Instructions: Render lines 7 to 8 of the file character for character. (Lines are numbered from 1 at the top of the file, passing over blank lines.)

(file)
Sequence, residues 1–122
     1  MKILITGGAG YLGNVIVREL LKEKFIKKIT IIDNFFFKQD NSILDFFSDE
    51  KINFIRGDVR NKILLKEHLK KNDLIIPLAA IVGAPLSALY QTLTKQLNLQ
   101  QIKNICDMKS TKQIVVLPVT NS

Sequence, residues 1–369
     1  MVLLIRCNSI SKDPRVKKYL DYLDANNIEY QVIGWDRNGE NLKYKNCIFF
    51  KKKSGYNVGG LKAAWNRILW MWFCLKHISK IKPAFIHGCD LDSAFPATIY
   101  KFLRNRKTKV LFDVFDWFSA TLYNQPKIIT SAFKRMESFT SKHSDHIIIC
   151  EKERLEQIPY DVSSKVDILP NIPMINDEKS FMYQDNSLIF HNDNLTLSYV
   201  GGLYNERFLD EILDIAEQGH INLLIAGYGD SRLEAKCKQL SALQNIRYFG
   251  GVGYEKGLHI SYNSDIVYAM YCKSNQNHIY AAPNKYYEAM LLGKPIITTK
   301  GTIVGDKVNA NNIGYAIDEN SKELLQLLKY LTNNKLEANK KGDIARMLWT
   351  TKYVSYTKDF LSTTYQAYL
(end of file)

    51  KKKSGYNVGG LKAAWNRILW MWFCLKHISK IKPAFIHGCD LDSAFPATIY
   101  KFLRNRKTKV LFDVFDWFSA TLYNQPKIIT SAFKRMESFT SKHSDHIIIC